Edward Deas to George Gibson — December 19 1836
Little Rock, Arkansaw
19th December 1836
General George Gibson Commissary General Subsistence
I have the honour again to address you upon the subject of the Creek Emigration. I herewith enclose the copies of three letters, from which it will be perceived that the progress of the Party of Emigrants under my charge has been very much retarded. Some of the reasons for our detention upon the route are therein mentioned, but other causes have also tended to prevent the Party from progressing, and some of these were referred to in my last communication upon this subject—dated 22nd ultimo.
The larger portion of our Party reached the neighborhood of this place on the 27th of last month, but at that time there were large numbers of the Indians still behind, between Memphis and this place. I therefore directed that the Party should not proceed until these were brought up with the main body. My reasons for doing so are mentioned in one of the enclosed letters.
I also found between Memphis and this place many Indians that had originally belonged to other Parties, that preceded ours, who stated that they had been left upon the road. As these Indians were willing to proceed, I have taken care to see them provided for, agreeably to the Contract for the Removal.
The main body of the Party under my charge is at this time about 20 miles to the westward of this place, having left this neighborhood in consequence of the scarcity of Provisions I did not proceed with it, having returned towards Memphis, for the purpose of attending to bringing up some of the Indians that were still behind. The last detachment passed here this morning, & I believe that all of the Indians now being removed by contract, are to the west of this place. There may however, still be a few stragglers, but if so, they have willfully remained behind, as wagons & Agents were sent back, and all exertions used to bring up those that were willing to proceed.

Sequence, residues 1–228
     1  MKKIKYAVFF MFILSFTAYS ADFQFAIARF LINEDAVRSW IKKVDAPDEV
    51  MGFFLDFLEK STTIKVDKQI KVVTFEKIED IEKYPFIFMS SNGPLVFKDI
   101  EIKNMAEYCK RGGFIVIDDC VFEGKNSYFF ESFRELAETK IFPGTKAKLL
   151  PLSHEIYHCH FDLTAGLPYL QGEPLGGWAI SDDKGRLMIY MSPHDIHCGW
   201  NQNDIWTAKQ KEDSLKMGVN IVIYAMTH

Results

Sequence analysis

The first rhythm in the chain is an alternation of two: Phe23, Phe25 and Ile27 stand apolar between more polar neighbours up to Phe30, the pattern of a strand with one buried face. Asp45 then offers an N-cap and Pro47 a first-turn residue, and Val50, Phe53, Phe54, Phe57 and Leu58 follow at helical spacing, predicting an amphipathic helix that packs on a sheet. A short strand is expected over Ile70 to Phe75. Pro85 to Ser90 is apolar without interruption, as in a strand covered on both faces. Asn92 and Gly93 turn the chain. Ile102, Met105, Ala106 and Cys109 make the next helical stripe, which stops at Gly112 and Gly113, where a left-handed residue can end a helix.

As I understand that members of the “Emigrating Company” have doubted the propriety of detaining the larger portion of the party under my charge until the Indians belonging to it, had all come up; it may perhaps be well for me here to remark, that I was guided in doing so, (in addition to reasons ahead referred to,) by that article of the Contract, which required, that the company shall remain Parties of the Indians and not fragments of Parties.
The contract is also for the removal of the Indians, to the new Creek Country, west of the Mississippi, and not to the State of Arkansaw, for which reason I did not conceive it proper, to leave hundreds of these people encamped along the road from Memphis to Fort Gibson.
I am well convinced, that if Provision stands had been established upon the Emigrating route west of Memphis, as required by the Contract, and if a sufficient number of conductors had accompanied the Indians, very little delay would have occurred.
I shall proceed to overtake my Party to-day, and hope in a short-time to have the pleasure to report, that all of the Emigrating Indians are beyond the limits of this state.
I have the honour to be, General,
Your Obedt Servant
Lieut U.S. Army & Disbursing Agent in the Creek Emigration